Assembly Of The First Disk Galaxies Under Radiative Feedback From Pop III Stars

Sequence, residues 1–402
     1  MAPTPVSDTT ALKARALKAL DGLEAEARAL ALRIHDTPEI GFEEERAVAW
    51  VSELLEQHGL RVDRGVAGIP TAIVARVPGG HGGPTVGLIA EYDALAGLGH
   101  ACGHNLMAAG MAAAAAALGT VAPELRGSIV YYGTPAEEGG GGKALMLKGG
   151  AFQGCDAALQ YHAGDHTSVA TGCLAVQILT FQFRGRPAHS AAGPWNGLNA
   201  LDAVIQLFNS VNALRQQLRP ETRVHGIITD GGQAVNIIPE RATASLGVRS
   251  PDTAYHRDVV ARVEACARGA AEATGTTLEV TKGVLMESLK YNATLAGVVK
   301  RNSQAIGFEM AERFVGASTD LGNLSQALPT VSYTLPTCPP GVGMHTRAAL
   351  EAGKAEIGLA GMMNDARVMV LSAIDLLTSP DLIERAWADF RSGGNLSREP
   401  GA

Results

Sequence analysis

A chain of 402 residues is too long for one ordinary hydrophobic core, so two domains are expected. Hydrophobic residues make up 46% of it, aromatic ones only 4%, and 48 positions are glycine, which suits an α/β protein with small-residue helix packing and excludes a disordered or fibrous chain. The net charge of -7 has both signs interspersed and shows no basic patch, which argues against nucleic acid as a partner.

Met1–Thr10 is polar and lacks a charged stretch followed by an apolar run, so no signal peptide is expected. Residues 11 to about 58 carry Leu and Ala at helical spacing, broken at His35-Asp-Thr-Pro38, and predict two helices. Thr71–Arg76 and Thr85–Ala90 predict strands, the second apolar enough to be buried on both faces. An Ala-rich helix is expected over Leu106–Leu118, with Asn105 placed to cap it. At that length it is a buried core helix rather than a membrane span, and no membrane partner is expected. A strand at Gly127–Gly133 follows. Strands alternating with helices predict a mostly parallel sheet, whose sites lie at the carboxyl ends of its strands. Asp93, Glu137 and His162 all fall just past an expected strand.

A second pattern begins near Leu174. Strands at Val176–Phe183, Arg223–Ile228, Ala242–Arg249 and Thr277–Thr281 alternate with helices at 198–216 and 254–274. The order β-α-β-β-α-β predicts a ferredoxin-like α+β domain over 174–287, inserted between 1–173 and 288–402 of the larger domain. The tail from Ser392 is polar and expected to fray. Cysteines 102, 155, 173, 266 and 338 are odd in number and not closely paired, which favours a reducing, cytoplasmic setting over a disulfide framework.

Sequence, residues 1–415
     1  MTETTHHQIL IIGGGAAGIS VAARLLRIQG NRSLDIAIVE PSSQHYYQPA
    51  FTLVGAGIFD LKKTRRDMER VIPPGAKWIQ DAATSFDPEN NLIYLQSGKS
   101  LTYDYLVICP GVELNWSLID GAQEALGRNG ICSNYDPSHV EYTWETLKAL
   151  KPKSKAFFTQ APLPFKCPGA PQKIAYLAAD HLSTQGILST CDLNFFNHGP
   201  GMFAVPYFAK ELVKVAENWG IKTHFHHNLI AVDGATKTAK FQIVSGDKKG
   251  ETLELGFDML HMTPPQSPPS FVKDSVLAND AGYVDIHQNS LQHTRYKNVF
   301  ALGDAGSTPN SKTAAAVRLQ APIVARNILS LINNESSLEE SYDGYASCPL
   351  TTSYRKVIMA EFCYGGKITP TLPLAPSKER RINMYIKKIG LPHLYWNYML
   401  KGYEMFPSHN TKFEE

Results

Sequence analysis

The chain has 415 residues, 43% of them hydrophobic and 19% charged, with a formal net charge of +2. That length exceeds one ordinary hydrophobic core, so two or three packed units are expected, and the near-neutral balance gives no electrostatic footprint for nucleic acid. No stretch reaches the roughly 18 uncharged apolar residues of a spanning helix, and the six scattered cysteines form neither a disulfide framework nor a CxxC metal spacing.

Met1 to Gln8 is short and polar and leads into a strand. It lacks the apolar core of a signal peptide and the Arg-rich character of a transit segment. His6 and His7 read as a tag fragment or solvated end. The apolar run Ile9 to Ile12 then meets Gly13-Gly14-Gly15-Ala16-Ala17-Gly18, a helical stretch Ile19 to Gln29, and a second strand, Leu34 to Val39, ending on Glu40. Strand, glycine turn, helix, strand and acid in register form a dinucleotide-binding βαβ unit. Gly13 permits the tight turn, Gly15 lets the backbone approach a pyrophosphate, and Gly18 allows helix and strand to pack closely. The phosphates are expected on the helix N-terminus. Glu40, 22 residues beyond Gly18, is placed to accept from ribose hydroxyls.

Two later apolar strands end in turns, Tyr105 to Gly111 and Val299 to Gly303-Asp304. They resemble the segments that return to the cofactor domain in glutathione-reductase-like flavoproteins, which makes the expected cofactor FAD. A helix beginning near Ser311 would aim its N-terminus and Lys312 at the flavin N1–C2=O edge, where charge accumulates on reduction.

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We investigate how radiative feedback from the first stars affects the assembly of the first dwarf galaxies. We perform cosmological zoomed smoothed particle hydrodynamics simulations of a galaxy assembling inside a halo reaching a virial mass similar to 10(9) M-circle dot at z = 10. The simulations follow the non-equilibrium chemistry and cooling of primordial gas and the subsequent conversion of the cool dense gas into massive metal-free stars. To quantify the radiative feedback, we compare a simulation in which stars emit both molecular hydrogen dissociating and hydrogen ionizing radiation with a simulation in which stars do not emit radiation but remain dark. Photodissociation and photoionization exert a strong negative feedback on the assembly of the galaxy inside the minihalo progenitor, impeding gas condensation and suppressing star formation. The radiative feedback on the gas implies a suppression of the central dark matter densities in the minihalo by factors of up to a few, which is a significant deviation from the singular isothermal density profile characterizing the dark matter distribution in the absence of radiative feedback. The properties of the galaxy become insensitive to the inclusion of radiation once the minihalo turns into an atomic cooler. The formation of a rotationally supported extended disk inside the atomically cooling galaxy therefore is a robust outcome of our simulations. Our simulations make predictions for observations with the upcoming James Webb Space Telescope.